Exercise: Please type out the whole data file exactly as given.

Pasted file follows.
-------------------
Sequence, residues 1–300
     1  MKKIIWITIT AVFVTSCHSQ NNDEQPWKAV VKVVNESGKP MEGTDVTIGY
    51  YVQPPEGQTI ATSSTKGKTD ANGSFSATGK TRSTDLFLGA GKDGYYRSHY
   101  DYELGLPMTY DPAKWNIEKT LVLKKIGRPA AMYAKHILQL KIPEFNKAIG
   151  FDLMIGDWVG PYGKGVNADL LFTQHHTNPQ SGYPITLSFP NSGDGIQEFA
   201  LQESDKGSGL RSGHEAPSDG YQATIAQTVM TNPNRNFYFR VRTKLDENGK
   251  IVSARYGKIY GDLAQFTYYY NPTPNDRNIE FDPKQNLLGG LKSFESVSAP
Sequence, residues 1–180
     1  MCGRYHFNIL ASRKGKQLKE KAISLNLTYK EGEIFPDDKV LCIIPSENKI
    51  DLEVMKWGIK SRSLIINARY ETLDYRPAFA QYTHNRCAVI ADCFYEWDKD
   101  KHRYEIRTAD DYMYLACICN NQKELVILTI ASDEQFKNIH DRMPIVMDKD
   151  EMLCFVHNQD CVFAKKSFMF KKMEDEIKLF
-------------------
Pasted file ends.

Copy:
Sequence, residues 1–300
     1  MKKIIWITIT AVFVTSCHSQ NNDEQPWKAV VKVVNESGKP MEGTDVTIGY
    51  YVQPPEGQTI ATSSTKGKTD ANGSFSATGK TRSTDLFLGA GKDGYYRSHY
   101  DYELGLPMTY DPAKWNIEKT LVLKKIGRPA AMYAKHILQL KIPEFNKAIG
   151  FDLMIGDWVG PYGKGVNADL LFTQHHTNPQ SGYPITLSFP NSGDGIQEFA
   201  LQESDKGSGL RSGHEAPSDG YQATIAQTVM TNPNRNFYFR VRTKLDENGK
   251  IVSARYGKIY GDLAQFTYYY NPTPNDRNIE FDPKQNLLGG LKSFESVSAP
Sequence, residues 1–180
     1  MCGRYHFNIL ASRKGKQLKE KAISLNLTYK EGEIFPDDKV LCIIPSENKI
    51  DLEVMKWGIK SRSLIINARY ETLDYRPAFA QYTHNRCAVI ADCFYEWDKD
   101  KHRYEIRTAD DYMYLACICN NQKELVILTI ASDEQFKNIH DRMPIVMDKD
   151  EMLCFVHNQD CVFAKKSFMF KKMEDEIKLF